Entrepreneurs Under 25: stay22’s Hamed Al-Khabaz

Just google “Hamed Al-Khabaz Dawson College” for one of the most controversial tech stories to come out of Montreal this decade.

It was late January 2013 when Al-Khabaz, now 23, finally decided to go the press.

As a student at Montreal’s Dawson College CEGEP school, he cleverly gained access to the college’s online administration system, then provided by a company called Skytech. Hoping to develop a mobile app for students, Al-Khabaz told school administrators how easily he could access the personal information of 250,000 Dawson College students, like SIN numbers, credit card numbers, purchase receipts and more. He called it “sloppy coding,” hoping to help the school create a more secure portal.

Let’s just say it didn’t go over too well.

Skytech’s CEO Edouard Taza accused him of a “cyber attack,” and the college expelled him for a “serious professional conduct issue.” The National Post dropped a juicy story that exploded all over media outlets from coast-to-coast.

Al-Khabaz was a 20-year-old, shaggy-haired Canadian news sensation.

Six months after that, I reported for the Financial Post that Al-Khabaz had moved on from the incident, founding his own startup that would aggregate peer-to-peer travel accommodations. Local investors were impressed. The venture, called Outpost Travel, ultimately landed $200,000 in venture capital.

Today Al-Khabaz skypes us from Boulder, Colorado where he and cofounder Andrew Lockhead work out of the notable TravelPort Labs Accelerator program, run by Techstars alum. Together Al-Khabaz and Lockhead cofounded stay22, which is improving in all the areas Al-Khabaz failed with Outpost Travel.

While Outpost Travel tried to aggregate vacation rentals like Airbnb, taking a small cut off transactions, stay22 offers a platform where people can search for places to stay close to events they attend. They’ve already worked with large Montreal events like C2 MTL and Startupfest.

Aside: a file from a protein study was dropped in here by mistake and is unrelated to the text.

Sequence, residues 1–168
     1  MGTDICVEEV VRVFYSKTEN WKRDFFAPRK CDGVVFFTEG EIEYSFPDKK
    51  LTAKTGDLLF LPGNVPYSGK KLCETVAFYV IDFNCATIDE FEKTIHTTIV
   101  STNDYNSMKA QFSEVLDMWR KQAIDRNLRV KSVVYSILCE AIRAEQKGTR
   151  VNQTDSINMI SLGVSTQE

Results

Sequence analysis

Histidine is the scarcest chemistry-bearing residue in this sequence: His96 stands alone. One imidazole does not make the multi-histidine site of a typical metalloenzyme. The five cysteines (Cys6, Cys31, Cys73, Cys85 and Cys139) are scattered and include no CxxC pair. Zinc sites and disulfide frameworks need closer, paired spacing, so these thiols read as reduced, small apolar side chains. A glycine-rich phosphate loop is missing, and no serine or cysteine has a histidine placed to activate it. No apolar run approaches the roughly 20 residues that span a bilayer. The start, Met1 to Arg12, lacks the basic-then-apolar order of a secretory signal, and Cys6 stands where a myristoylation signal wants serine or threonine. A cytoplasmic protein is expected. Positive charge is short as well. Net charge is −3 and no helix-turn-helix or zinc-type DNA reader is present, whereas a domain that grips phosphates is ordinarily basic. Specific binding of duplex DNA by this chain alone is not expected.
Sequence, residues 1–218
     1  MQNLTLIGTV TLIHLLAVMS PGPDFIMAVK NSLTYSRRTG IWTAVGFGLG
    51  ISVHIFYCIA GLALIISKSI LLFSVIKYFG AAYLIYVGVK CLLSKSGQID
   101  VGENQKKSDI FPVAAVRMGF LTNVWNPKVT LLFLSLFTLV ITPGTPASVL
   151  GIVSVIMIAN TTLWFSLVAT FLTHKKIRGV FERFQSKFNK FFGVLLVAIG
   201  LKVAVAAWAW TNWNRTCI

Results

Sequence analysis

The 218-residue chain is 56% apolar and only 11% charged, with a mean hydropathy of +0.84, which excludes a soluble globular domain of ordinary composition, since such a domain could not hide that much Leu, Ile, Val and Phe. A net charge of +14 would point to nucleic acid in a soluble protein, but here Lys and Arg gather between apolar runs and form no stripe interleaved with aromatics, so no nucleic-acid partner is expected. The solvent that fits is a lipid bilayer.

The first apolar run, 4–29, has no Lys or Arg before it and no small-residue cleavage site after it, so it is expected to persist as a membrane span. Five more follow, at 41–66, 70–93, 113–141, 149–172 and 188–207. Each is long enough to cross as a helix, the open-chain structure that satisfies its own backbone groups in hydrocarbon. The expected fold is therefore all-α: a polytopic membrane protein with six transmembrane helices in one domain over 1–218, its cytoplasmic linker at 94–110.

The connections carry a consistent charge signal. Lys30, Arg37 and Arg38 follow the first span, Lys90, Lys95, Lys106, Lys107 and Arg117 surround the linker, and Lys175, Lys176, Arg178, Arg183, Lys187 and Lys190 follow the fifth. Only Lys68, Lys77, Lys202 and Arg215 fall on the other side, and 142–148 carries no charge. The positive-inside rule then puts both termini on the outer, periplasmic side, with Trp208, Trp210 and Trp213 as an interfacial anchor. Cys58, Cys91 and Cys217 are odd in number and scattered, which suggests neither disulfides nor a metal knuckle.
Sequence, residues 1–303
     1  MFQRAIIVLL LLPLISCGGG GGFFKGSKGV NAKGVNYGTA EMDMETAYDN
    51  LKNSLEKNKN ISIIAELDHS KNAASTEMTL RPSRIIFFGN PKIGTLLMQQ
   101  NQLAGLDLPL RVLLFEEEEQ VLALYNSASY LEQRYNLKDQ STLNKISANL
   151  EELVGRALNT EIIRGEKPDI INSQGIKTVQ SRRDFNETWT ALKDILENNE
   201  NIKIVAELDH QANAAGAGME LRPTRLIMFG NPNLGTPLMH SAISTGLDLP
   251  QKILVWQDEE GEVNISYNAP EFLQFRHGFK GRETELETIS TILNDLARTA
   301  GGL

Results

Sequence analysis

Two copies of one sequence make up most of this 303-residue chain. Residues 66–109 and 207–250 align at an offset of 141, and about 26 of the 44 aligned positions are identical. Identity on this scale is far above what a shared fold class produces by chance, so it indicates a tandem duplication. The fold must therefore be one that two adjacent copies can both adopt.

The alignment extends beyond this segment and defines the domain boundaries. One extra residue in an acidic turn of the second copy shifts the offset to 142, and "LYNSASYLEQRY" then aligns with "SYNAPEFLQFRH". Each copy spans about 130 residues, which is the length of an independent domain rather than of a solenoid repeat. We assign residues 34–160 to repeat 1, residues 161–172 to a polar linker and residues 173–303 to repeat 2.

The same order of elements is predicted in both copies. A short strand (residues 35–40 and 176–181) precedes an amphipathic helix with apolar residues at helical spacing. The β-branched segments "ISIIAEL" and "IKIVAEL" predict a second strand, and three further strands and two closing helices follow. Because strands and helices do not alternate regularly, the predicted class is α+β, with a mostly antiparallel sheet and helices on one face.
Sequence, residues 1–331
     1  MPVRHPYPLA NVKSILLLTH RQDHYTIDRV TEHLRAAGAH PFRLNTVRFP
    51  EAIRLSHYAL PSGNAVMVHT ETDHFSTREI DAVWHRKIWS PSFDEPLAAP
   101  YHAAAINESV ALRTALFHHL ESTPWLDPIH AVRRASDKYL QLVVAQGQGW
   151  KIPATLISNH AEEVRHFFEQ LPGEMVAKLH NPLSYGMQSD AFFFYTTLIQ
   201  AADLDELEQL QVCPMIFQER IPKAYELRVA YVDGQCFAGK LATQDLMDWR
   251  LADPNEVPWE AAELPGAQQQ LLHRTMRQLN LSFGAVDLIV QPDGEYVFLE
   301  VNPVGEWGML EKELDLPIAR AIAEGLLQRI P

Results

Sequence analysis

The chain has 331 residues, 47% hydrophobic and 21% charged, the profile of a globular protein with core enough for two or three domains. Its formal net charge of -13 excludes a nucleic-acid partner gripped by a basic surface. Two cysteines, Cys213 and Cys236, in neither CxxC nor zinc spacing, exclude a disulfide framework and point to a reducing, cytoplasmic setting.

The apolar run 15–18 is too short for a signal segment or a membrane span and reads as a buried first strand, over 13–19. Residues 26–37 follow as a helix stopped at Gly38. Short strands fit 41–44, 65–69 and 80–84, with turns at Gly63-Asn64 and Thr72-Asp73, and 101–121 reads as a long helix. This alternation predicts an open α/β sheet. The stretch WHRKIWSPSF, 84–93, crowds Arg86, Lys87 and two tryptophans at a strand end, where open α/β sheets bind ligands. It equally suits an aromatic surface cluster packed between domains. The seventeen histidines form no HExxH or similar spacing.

Hamed Al-Khabaz

TravelPort, meanwhile, might be the best thing that’s happened to them. The publicly-traded giant is a commerce platform that acts as a sort of “backbone” for travel purchases made online. They provide about $33,000 in seed money for the young companies like stay22 at the accelerator.

“We get the same mentors from Techstars and the same network. Without this accelerator we wouldn’t be where we would be today, which is amazing. We’re in a very strong position,” said Al-Khabaz.

So how did this self-described hacker kid, once described as a “cyber threat,” go from a CEGEP-expellee to hotshot startup founder? Not to mention being invited to work out of Boulder, one of the United States’ nests for emerging tech talent.

Let’s start with his parents, a pair of Shia Muslims who fled Iraq in the early 1990s. Al-Khabaz’s dad was educated in the United States as a doctor at Indiana State University. He returned to Iraq only to be imprisoned for seven years based on, according to Hamed, his religious beliefs. Today we know that Saddam Hussein’s regime brought about the deaths of at least 250,000 Iraqis and committed war crimes in Iran, Kuwait (both of which places Al-Khabaz had family) and Saudi Arabia. Human Rights Watch and Amnesty International issued regular reports of widespread imprisonment and torture.

The couple landed in Montreal in 1992 while Mrs. Al-Khabaz was pregnant with Hamed, soon to witness the Montreal Canadiens win the Stanley Cup. Today the family still lives in the primarily government-subsidized housing in Montreal’s Little Burgundy.

Hamed’s world changed with the advent of dial-up Internet, when he was 13. He shared the family’s computer with his brother.

“I knew even back then the Internet was a library with all this knowledge I could learn. I slowly got into programming and then into hacking, and it excited me to go out, break stuff and discover things.”

Like many kids, his first forays into computers was through gaming. He learned how to hack computer games like WarCraft and CounterStrike.